The coronavirus pandemic is affecting different chains in different ways. For evidence, look no further than the Toronto-based brand operator Restaurant Brands International (RBI).
Popeyes Louisiana Kitchen, the company’s smallest concept but also its hottest one, has returned all the way to its remarkably strong pre-COVID levels, based on updated sales figures from the company on Thursday.
The chain’s U.S. same-store sales were “trending in the positive low-40s” as of the third week of May. Those sales had been flat in the second half of March.
By contrast, the largely breakfast-driven Canadian chain Tim Hortons remains down in the mid-20s in Canada as of that same period, the company said, though that was up from a decline in the mid-40s at the end of March. The bulk of Tim’s nearly 5,000 locations are north of the U.S. border.
RBI’s flagship Burger King brand is down in the U.S., but in the “mid-single-digits,” a far more normalized level than the more than 30% decline it had in late March.
In a statement on Thursday, RBI said it was “encouraged” by the sales improvement.
“We are encouraged by the continued sales improvement in our home markets for Burger King, Tim Hortons and Popeyes,” CEO Jose Cil said. “All three of our brands have benefited from guests who have increased their usage of our thousands of drive-thrus across North America as a safe, quick and convenient option to feed themselves and their families.”
The numbers reflect a broad improvement in the chain restaurant business in recent weeks, as customers dined out more often but went to restaurants with drive-thrus, well-established takeout strategies and delivery.
The result has been a wide range of performances, as chains like the full-service family dining concept Denny’s have just a fraction of their pre-pandemic business while delivery concepts like Papa John’s are up well over 30%.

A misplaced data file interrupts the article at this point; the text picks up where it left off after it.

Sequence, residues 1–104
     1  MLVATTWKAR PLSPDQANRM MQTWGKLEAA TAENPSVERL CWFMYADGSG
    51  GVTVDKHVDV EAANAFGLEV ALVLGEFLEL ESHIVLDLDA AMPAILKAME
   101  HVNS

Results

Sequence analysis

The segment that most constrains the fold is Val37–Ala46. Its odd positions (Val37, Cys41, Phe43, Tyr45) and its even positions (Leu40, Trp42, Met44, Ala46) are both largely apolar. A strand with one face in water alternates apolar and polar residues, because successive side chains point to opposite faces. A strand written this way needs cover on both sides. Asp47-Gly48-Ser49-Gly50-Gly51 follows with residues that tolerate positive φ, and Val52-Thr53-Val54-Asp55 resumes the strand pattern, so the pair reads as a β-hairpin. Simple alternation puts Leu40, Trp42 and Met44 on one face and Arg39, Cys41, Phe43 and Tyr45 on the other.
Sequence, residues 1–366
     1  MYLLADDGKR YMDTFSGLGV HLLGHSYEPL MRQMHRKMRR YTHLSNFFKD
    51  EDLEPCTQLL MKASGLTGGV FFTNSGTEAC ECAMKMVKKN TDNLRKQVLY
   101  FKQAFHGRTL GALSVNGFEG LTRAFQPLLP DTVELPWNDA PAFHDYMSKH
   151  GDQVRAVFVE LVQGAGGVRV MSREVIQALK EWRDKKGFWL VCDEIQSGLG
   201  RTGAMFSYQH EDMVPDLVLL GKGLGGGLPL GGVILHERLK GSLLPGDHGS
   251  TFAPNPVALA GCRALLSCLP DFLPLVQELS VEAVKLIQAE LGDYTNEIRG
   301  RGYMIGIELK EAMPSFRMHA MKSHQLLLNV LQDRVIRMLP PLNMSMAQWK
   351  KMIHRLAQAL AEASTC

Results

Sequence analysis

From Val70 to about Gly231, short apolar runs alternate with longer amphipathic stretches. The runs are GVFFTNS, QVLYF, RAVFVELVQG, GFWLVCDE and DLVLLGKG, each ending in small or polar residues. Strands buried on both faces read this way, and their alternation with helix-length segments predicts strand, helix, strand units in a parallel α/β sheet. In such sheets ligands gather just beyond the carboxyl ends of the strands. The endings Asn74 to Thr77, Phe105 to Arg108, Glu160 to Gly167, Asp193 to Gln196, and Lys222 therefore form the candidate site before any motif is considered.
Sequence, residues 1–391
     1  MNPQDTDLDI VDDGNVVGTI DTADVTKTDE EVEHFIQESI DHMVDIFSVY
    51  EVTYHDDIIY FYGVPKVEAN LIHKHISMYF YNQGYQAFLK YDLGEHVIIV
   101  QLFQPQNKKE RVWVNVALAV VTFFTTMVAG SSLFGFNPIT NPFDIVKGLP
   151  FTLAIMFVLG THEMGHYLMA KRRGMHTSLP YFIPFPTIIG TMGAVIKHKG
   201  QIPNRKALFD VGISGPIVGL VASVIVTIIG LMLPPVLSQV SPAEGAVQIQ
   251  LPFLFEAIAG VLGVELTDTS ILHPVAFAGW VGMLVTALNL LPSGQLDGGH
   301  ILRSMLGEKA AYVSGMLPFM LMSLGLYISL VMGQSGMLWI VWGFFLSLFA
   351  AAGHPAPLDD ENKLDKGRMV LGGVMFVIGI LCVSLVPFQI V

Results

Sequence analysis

For Popeyes, the sales results likely suggest a new normal brought on by the company’s introduction of a chicken sandwich late last year that proved to be remarkably popular. Even with its late-March slowdown same-store sales last quarter were up 29.2%, following a 37.9% fourth quarter.
The chain has drive-thrus, which consumers have used with frequency during the pandemic. It also does not have a breakfast service, which has generally been the weakest performing daypart.
That helps explain Burger King’s relative weakness. While the burger chain’s sales improved, it was relatively weak going into the pandemic—same-store sales lagged competitors McDonald’s and Wendy’s late last year and earlier this year—and its breakfast daypart likely kept sales down.
Similarly, Tim Hortons’ Canadian business has struggled with a lack of breakfast business, and the company was also struggling going into the pandemic. Same-store sales declined 4.6% in its home Canadian market in the fourth quarter of last year, prompting the company to promise a turnaround.
RBI said that “substantially all” of its restaurants in its three brands are open in their respective home markets. It also noted that 60% of restaurants in Europe, the Middle East and Africa are open, 85% in Asia and 50% in Latin America.
“Many of our restaurants continue to operate with limited service modes,” RBI said in a federal securities filing. “We expect to continue our reopening process very carefully and with guest and team member safety as our top priority.”
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